Just wondering

Helen Thomas keeps asking Scot McClellan whether Lt. Bush ever had to perform court-ordered community service while in the National Guard, and McClellan keeps refusing to answer:

MR. McCLELLAN: I’ll come to you in a minute.

Go ahead, Helen.

Q I want to revisit a question I asked you last week and you didn’t have the answer — you may have it now. Did the President ever do community service while he was in the National Guard?

MR. McCLELLAN: Helen, you had said that this was relating to a rumor that you heard, and I think there’s a difference between rumor-mongering and journalism. And so I’m just not going to dignify those kind of rumors from this podium. I think the records have been released and you have — all the information is available to you publicly.

Q So you don’t really know?

MR. McCLELLAN: No, I said this was relating to some trashy rumors that are circulating out there, and I’m just not going to dignify them from this podium.

Q It’s a very simple question.

MR. McCLELLAN: Go ahead, John.

She’s right, you know. It really is a very simple question, to which the obvious answer is “No.” Can you think of a disadvantage of giving that obvious answer?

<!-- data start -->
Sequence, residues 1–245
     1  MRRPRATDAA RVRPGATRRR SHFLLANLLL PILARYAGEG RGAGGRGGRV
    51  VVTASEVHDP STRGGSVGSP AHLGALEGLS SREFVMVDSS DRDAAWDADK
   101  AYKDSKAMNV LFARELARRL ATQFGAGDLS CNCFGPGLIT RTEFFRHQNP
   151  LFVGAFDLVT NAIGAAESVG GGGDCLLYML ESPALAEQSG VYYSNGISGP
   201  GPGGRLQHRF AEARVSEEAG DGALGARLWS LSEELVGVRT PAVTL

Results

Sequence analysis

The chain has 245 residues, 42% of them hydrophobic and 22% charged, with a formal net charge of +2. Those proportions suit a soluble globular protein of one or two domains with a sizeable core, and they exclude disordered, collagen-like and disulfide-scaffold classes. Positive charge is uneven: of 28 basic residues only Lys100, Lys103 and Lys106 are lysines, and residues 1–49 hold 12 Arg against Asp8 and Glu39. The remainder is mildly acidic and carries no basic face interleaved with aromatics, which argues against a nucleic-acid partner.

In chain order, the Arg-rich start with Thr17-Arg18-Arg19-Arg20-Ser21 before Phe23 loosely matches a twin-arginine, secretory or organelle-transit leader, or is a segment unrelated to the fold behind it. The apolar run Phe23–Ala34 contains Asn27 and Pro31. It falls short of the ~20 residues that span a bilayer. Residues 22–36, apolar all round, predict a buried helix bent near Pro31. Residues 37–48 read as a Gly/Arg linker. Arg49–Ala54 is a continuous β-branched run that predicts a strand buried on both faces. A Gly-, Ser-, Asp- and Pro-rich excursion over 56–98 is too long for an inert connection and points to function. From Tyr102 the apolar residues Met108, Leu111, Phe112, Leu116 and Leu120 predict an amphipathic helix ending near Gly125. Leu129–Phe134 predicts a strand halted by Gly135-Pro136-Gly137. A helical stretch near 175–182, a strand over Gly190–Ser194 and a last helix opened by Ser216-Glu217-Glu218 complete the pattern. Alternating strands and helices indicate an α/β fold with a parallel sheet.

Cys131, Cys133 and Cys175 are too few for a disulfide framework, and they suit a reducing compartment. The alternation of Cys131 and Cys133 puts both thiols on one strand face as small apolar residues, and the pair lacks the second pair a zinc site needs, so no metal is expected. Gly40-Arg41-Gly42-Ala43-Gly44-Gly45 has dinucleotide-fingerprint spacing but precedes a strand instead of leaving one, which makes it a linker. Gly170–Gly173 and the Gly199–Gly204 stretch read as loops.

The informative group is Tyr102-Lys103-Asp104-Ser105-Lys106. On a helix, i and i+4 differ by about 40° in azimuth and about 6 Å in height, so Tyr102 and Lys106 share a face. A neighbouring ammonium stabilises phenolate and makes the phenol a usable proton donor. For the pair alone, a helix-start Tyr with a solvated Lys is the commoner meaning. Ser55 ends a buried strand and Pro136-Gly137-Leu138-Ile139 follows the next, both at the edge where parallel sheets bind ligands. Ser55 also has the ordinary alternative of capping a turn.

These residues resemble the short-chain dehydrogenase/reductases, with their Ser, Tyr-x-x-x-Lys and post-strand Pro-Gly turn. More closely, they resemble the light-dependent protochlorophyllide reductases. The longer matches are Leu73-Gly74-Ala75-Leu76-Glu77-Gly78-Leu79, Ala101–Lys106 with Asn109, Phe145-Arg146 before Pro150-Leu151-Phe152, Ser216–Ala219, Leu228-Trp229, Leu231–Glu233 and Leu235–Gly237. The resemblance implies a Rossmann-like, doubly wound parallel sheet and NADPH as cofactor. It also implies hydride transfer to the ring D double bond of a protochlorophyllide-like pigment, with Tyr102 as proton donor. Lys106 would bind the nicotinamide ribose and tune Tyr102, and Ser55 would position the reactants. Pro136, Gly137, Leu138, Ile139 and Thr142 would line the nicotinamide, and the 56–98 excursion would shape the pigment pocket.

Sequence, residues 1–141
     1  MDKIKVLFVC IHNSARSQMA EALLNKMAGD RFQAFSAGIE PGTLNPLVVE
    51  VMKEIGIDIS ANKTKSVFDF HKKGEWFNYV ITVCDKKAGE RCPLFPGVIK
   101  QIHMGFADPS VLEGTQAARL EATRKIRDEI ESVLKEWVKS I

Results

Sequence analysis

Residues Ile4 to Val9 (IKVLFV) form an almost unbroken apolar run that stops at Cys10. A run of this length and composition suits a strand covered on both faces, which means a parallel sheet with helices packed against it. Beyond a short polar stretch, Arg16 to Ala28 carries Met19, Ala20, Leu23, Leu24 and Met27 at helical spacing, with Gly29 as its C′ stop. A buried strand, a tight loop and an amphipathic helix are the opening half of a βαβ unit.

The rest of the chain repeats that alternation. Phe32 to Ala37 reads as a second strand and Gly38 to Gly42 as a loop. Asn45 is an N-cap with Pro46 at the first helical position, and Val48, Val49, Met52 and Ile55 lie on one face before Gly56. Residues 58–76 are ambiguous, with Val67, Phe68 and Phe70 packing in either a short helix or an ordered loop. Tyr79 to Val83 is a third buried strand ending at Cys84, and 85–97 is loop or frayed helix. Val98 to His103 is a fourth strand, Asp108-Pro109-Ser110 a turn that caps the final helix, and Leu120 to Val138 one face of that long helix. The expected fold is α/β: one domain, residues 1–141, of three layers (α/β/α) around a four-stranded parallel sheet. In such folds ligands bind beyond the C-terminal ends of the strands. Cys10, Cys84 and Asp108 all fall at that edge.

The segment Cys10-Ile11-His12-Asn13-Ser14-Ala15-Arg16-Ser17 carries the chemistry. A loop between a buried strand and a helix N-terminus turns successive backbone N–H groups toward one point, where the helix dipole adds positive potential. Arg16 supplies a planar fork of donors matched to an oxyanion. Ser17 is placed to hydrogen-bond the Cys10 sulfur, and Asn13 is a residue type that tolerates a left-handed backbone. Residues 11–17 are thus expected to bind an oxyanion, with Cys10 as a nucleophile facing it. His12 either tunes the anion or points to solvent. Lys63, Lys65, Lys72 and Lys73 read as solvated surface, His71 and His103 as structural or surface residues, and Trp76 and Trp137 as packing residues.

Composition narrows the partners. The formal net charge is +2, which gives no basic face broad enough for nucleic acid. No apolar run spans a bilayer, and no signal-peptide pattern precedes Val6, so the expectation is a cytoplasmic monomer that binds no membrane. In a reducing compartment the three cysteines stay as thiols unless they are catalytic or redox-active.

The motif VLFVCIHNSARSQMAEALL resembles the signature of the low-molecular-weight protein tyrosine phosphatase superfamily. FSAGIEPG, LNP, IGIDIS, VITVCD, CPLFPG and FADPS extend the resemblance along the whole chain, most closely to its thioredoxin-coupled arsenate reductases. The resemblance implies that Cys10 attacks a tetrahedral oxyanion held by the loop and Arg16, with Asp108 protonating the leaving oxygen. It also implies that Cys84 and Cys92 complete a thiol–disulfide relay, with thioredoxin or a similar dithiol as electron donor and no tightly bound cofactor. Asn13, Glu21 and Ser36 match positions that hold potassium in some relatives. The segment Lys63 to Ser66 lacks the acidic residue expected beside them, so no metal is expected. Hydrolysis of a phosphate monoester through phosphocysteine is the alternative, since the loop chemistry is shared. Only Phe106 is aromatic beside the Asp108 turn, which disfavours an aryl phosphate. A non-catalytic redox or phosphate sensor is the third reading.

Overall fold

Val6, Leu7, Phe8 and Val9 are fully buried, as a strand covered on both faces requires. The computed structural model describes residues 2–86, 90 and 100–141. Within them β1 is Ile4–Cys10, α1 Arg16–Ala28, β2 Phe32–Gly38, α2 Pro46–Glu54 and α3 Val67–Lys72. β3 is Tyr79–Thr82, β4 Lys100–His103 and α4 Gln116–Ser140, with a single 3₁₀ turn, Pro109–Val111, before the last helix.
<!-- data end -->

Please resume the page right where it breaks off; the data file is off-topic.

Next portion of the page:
If it were accurate, I mean.

Update Dan Froomkin of the Washington Post reports that most members of the White House press corps are skeptical that there’s anything to the rumors that Helen Thomas is asking about (and politely suggests that Thomas is not to be taken very seriously).

Perhaps Froomkin’s colleagues have already looked into this, or perhaps they’re merely incredulous that Bush could have pleaded to or been convicted of something without anyone having come forward to talk about it. I agree that, on its face, the rumor seems far-fetched. But still: why no denial? Froomkin doesn’t offer a theory.

(On another topic, Froomkin doesn’t think that the White House has actually gotten past the National Guard issue, and in particular the question of the missed flight physical.)

Author: Mark Kleiman

Professor of Public Policy at the NYU Marron Institute for Urban Management and editor of the Journal of Drug Policy Analysis. Teaches about the methods of policy analysis about drug abuse control and crime control policy, working out the implications of two principles: that swift and certain sanctions don't have to be severe to be effective, and that well-designed threats usually don't have to be carried out. Books: Drugs and Drug Policy: What Everyone Needs to Know (with Jonathan Caulkins and Angela Hawken) When Brute Force Fails: How to Have Less Crime and Less Punishment (Princeton, 2009; named one of the "books of the year" by The Economist Against Excess: Drug Policy for Results (Basic, 1993) Marijuana: Costs of Abuse, Costs of Control (Greenwood, 1989) UCLA Homepage Curriculum Vitae Contact: Markarkleiman-at-gmail.com